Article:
At the White House – four more years!!!

a note regarding the impending federal government shutdown

To all my friends out there who may be cheering the impending shutdown of the Federal government:

Please note that this shutdown will also shutter most of the District of Columbia’s city government. We have no control over our own money, so Congress’ petulant bickering will result in trash not getting collected, many social services shutting their doors, streets not being kept up or repaired, and a lot of citizens of DC being furloughed for at least a week. DC is one of the United States’ last colonies: we pay taxes but have no representation for us on Capitol Hill.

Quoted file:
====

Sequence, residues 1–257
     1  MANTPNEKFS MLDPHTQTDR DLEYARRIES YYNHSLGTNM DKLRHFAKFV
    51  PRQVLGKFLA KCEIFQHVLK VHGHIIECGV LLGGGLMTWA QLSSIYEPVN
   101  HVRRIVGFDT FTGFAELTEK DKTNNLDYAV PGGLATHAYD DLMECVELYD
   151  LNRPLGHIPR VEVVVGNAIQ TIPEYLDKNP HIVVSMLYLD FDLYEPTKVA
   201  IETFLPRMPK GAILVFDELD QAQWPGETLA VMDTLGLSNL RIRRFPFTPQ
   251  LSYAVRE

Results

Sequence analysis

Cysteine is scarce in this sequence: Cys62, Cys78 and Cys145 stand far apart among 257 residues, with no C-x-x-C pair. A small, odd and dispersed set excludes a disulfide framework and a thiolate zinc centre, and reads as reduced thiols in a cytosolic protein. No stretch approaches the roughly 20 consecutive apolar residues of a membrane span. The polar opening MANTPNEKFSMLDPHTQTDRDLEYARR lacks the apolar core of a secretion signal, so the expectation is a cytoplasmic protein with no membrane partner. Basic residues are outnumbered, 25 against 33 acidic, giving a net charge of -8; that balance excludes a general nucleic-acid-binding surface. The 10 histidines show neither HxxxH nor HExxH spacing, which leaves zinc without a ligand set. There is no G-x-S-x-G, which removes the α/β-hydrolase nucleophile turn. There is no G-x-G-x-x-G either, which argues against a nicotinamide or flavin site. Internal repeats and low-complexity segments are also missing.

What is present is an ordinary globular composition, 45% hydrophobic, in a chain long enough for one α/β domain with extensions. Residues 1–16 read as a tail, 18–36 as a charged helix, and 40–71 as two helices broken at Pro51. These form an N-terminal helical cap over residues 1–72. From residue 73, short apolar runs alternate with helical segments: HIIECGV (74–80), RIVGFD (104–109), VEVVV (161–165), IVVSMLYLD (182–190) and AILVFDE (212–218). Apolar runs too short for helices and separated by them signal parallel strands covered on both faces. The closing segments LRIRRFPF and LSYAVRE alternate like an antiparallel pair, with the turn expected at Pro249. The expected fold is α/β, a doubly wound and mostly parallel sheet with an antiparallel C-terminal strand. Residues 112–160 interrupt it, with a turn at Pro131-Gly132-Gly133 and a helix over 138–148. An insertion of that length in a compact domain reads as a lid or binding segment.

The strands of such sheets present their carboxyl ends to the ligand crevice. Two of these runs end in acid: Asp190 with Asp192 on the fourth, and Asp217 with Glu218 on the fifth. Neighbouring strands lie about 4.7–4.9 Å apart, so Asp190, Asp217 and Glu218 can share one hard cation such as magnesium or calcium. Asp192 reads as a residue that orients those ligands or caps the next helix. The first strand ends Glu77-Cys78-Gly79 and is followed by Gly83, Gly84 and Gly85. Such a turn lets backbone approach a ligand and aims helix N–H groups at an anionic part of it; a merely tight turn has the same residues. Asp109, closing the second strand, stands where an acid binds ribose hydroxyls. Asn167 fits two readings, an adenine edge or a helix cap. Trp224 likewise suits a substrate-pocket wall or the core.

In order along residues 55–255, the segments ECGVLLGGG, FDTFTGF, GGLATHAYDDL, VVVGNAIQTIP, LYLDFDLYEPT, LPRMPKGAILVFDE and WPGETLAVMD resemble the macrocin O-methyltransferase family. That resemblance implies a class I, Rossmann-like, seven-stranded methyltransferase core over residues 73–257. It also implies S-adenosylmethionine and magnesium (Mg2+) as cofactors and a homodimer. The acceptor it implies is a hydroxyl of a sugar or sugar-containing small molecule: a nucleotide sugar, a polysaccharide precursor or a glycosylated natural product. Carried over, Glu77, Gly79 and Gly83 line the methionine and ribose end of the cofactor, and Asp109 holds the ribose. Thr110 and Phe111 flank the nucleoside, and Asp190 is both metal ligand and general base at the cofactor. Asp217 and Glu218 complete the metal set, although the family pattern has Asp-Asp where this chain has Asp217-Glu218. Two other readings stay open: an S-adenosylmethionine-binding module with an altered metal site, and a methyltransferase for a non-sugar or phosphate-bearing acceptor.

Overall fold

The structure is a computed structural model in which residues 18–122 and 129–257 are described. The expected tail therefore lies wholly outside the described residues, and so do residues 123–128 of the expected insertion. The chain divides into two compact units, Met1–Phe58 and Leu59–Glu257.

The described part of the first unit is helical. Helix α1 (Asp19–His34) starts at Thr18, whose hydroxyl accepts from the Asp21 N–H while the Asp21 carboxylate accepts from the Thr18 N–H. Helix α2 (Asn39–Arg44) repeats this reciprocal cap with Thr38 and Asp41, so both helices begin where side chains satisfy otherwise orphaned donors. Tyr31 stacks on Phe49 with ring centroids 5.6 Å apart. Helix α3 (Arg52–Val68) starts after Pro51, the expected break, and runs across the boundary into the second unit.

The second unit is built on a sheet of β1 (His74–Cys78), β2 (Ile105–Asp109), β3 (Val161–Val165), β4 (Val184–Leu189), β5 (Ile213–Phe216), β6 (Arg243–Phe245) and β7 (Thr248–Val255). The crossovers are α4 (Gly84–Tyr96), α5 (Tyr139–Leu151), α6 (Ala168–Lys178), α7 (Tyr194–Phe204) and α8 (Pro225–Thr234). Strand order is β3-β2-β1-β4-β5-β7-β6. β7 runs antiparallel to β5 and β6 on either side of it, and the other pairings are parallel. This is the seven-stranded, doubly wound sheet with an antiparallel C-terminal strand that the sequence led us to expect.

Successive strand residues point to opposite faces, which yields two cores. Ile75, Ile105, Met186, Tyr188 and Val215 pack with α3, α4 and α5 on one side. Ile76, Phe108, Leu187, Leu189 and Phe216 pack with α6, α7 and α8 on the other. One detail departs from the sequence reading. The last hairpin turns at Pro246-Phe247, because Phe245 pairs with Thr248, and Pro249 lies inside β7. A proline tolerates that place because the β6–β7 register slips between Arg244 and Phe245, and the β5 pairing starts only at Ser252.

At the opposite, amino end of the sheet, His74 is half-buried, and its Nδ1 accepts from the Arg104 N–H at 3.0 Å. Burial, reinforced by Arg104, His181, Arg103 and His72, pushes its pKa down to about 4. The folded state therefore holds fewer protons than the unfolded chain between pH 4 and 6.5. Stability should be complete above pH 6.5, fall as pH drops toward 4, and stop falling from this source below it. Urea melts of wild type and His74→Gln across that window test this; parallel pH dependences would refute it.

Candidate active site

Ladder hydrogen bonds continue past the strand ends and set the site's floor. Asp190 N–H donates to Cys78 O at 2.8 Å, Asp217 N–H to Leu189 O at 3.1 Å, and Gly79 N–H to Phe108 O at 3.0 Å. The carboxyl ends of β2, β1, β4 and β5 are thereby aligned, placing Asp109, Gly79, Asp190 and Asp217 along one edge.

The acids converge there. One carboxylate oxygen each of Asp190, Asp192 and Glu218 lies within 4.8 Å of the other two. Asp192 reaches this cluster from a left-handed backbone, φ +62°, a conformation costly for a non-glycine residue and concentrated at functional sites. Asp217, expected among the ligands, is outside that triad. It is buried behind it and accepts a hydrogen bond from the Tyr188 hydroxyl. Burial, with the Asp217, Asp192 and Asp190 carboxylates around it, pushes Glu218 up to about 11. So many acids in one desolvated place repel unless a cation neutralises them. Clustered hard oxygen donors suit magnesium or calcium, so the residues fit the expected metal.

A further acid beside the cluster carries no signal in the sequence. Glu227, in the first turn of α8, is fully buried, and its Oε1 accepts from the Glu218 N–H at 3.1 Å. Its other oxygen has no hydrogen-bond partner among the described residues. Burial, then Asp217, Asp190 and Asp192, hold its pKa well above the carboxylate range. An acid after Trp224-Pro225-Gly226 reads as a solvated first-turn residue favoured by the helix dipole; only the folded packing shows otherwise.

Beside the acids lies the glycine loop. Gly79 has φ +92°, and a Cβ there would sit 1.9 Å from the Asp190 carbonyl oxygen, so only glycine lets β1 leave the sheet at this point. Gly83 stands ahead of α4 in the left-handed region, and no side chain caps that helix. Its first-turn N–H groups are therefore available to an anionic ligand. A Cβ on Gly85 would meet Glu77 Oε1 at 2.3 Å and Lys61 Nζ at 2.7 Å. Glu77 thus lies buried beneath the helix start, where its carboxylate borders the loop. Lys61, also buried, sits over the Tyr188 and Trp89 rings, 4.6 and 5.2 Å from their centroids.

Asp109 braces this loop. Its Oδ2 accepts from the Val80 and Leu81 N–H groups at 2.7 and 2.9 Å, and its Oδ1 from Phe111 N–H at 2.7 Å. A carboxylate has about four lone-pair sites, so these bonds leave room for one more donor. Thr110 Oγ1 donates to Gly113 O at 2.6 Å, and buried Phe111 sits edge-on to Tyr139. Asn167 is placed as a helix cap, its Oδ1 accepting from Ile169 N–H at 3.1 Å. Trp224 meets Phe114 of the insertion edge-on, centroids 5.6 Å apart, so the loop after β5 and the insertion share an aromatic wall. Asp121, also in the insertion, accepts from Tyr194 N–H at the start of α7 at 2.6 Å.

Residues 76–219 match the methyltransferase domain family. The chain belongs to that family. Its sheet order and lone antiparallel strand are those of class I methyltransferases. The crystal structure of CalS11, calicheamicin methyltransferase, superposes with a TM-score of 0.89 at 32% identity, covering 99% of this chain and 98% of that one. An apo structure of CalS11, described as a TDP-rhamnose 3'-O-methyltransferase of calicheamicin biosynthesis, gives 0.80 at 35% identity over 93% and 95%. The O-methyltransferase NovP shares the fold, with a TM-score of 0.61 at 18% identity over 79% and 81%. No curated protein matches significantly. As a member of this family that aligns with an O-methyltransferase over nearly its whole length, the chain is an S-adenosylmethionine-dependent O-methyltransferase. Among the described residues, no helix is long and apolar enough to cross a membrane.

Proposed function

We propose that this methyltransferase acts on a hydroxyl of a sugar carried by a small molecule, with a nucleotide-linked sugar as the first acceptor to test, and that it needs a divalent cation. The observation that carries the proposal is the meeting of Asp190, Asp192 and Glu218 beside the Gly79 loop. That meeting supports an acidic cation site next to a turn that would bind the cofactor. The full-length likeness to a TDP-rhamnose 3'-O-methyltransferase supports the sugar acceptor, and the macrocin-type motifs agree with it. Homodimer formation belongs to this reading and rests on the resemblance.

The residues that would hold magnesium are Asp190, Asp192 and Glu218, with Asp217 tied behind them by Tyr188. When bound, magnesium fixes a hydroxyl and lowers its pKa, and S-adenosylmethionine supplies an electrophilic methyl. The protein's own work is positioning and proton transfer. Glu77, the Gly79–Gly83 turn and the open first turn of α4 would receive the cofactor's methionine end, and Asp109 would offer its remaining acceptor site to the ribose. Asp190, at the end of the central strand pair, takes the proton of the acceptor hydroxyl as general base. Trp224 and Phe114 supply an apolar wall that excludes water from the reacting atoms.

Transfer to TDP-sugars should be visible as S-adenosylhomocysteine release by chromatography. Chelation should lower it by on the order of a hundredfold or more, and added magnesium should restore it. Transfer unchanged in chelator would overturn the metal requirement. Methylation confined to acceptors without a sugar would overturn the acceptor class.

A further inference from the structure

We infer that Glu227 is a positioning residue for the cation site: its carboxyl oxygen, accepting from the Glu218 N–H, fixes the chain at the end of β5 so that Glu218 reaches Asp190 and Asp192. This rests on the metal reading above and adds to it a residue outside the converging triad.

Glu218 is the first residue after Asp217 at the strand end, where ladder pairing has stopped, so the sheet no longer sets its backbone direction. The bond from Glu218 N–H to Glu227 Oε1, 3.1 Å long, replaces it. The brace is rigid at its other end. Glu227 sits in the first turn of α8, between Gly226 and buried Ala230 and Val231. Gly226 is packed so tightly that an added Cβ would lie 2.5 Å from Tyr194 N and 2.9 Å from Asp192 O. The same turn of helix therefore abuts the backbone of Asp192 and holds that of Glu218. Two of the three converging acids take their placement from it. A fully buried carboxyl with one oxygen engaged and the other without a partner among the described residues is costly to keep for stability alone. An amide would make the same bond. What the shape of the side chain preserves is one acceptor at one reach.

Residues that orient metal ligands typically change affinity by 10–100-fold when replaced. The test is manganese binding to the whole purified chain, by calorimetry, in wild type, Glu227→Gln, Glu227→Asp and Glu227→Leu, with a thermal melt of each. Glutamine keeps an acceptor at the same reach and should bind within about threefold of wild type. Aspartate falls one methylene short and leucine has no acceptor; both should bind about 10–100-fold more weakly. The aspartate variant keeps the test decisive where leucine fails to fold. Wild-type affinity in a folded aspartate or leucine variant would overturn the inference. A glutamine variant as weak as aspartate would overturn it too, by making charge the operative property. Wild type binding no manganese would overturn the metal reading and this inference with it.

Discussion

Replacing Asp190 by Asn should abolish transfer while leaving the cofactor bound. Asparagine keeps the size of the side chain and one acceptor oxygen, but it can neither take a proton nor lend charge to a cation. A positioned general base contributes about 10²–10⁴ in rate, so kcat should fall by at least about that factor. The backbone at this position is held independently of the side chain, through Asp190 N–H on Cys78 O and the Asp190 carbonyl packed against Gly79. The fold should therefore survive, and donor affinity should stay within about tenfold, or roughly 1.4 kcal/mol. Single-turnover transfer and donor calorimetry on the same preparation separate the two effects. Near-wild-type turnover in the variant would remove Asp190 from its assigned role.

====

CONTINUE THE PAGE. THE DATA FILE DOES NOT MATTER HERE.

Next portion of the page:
So this means that DC’s government has to pick and choose which programs are essential and hope that we have the money to do it. Sure: police, fire and EMS will still be on duty in full force. But other services that many would deem essential in a civil society will be curtailed. An example: hot meals for housebound elderly residents of the District. So senior citizens? You’re not essential. And public libraries? Nope – reading isn’t, it turns out, fundamental. Want to lodge a complaint against the DC Police Department? Sorry – the complaints department isn’t essential.